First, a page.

Students from Archbold High School carried on the community’s longstanding tradition of volunteerism and service to others by assisting flood victims in Ottawa, Friday, Aug. 31.
After heavy rains hit Northwest Ohio, the Blanchard River, which runs through Ottawa, began to rise. During the nights of Tuesday, Aug. 21- Wednesday, Aug. 22, the community was inundated.
Press reports indicated the river crested almost 31 feet above the flood stage.
Amy Laibe, and her husband, Sam, who live on Ottawa’s west end, had already given up hopes of repairing their home, concentrating instead on trying to save that of her mother-in-law.
On Friday, Aug. 31, they were contemplating all the work that had to be done; wallboard stripped two to three feet from the floor, carpeting and flooring removed, etc.
“All of the sudden, here comes an Archbold school bus down the street,” she said.
Laibe said they saw students get off the bus and go to neighboring residences. When they asked, three AHS girls were detailed to help.
“They worked all morning. They didn’t talk; they were focused on the work. They were on a mission to get it done,” she said.
When the girls broke for lunch, Laibe said they thanked them for their help, but one of the girls said, “You haven’t seen the last of us. We’ll be back.”
And they were; by the time the 36 AHS students left about 4:30 pm, upwards of 20 students were working in the house.
“It was wonderful. They didn’t complain, they didn’t talk; they were totally focused. I can’t say enough.
“They got us to where we needed to be,” she said.
Craig Link, AHS industrial arts teacher, said Mennonite Disaster Services contact the school, wondering if students would be interested in volunteering to assist in Ottawa.
That was on Monday, Aug. 27.
Tim Meister, AHS principal, said initially the trip was opened to vocational agriculture and industrial arts students; but when word came back as many students as possible were needed, the opportunity was offered to the senior class.
It wouldn’t be a day to goof off from school, Meister said; the students would still be responsible for their schoolwork.
With Linda Schmidt, Archbold School District bus driver, volunteering to drive a bus to Ottawa, Link and the 36 students were ready to go on Friday.
Maria Strawn, AHS senior, said as they drove towards Ottawa, they could see signs of flooding.
“You could see where the water had been, you could see it on the trees, you could see dead crops,” she said.
Once they got into town, “Tons of shops were closed, and there were piles and piles of furniture on the curb, waiting to be taken away.”
When they arrived, Link said they were excited to get going, but they overwhelmed the Red Cross system.
“When we showed up with a busload of kids, it took them a while to get their assigned jobs. The kids were anxious to get started,” Link said.
“I don’t think anything happened the first hour,” said Tyler Bernath, another senior on the trip.
When they did get their assignments, the work varied from mopping floors to ripping out wallboard, carpet, and linoleum.
“The first group, they gave them mops. Nobody wants to do that. The second group, they gave out hammers. That’s better,” Bernath said.
“It wasn’t really hard, but there was a lot of work,” he said.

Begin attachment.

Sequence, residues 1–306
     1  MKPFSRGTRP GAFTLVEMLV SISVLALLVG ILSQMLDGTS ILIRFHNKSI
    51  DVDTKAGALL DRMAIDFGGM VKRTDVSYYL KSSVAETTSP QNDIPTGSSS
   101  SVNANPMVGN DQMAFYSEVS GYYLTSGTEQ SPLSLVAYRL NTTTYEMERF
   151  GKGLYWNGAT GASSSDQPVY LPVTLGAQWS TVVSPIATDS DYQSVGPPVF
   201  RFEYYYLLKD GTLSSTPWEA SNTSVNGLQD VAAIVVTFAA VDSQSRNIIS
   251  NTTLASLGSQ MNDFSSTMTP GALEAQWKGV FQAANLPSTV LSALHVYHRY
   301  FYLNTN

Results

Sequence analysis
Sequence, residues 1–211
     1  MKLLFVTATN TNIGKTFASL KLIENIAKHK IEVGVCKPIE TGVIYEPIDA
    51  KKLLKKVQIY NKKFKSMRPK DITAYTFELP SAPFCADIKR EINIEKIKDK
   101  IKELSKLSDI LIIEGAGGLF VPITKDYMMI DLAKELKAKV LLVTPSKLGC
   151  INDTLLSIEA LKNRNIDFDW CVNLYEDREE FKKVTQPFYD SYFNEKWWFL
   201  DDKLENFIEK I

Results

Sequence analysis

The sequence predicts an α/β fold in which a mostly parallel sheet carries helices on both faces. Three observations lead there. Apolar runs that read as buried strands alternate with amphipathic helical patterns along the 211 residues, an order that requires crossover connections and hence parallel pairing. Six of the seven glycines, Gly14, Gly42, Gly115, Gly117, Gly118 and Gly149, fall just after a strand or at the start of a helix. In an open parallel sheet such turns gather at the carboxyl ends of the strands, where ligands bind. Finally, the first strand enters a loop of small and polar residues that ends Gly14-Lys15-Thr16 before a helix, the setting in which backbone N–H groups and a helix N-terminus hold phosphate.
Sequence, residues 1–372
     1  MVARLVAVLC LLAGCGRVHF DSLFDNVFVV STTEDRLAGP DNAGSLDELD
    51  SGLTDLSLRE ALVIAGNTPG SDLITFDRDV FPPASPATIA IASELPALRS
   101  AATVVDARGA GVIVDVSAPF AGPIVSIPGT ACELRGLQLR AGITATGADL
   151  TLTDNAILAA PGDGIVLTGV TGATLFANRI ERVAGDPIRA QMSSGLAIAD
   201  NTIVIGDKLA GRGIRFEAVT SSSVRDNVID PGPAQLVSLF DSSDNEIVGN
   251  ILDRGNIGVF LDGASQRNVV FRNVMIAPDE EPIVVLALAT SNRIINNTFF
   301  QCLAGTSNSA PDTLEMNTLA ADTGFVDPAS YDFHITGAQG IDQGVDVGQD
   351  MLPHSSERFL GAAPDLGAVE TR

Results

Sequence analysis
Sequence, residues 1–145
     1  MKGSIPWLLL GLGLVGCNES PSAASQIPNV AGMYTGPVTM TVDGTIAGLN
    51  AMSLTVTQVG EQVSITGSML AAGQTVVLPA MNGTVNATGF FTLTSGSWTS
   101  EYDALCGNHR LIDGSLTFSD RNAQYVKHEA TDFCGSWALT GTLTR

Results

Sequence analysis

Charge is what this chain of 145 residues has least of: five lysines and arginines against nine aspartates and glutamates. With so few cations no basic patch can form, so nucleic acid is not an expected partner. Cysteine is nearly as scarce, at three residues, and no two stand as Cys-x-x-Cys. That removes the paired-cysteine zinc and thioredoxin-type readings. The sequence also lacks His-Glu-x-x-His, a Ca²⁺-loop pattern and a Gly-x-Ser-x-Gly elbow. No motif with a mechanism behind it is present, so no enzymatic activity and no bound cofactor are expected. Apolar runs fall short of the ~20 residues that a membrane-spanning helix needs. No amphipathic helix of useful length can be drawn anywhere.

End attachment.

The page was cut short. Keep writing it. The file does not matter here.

“The guys were like, ‘great, we get to attack a wall,'” Strawn said.
“Some parts smelled kind of bad,” Strawn said.
Strawn and Bernath said at one point, two AHS students, Lucas Cameron and Tyler Short, were stripping cabinets out of a kitchen.
“They were told the water was off, but it wasn’t,” Strawn said.
Cameron and Short broke a waterline, and they were doused, head to toe.
The two were taken to a place where they could get a shower and dry clothes.
The people of Ottawa were glad to get help, the seniors said.
“It had been, like, a week, but they were so relieved to have us there,” Strawn said.
“You could tell they (Ottawa residents) were sad. You could hear it in their voices. There wasn’t any enthusiasm when we first got there.
“But when they could see what we could do, it picked up,” Bernath said.
At the end of the day, the students were worn out, “but in a good way,” Strawn said.
She said one of the other girls on the trip said she had “never been so grateful for my house before.”
“That says it all. We were so grateful it didn’t happen to us.”
Bernath and Strawn said the trip taught them lessons about teamwork, and gave them pride and a sense of accomplishment.
“We walked in there like, ‘We’re here to save the day.’ That’s a cool feeling,” she said.
“It’s like, six hours and you can make such a difference,” she said.
Meister said he has “always been such a huge believer that so many things in education can and should occur outside the classroom.”
Among the lessons Meister said the trip taught was, “never believe bad things won’t happen to you.”
He said the trip goes along with the AHS motto for the year: “Act with class, preserve with passion, refuse to fail.”
“That’s the kind of kids we have here,” he said.
Those making the trip were:
Nicole Babcock, Tyler Bernath, Lucas Cameron, Lizette Cooper, Dani Dailey, Sara Davis, Ashley Double, Lacey Flores, Rachel Frei, Amanda Graber, Chelsea Giesege, Jordan Gracia, Travis Grime, Miriam Gutierrez, Ashlie Horst, Abigail Huerta, Josh Huerta, Colton Hulshof, Matt Jacoby, Dusty Kauzlick, Peter Lehman, Stewart Nafziger, Audri Rodriguez, Cody Sauder, Joe Schroeder, Kelsey Sevey, Colin Shannon, Kayla Short, Tyler Short, Maria Strawn, Brandon Wagner, Garrett Waidelich, Dani Weigand, Laura Wylie, Amanda Wyse, Josh Wyse, Jenell Yaichner.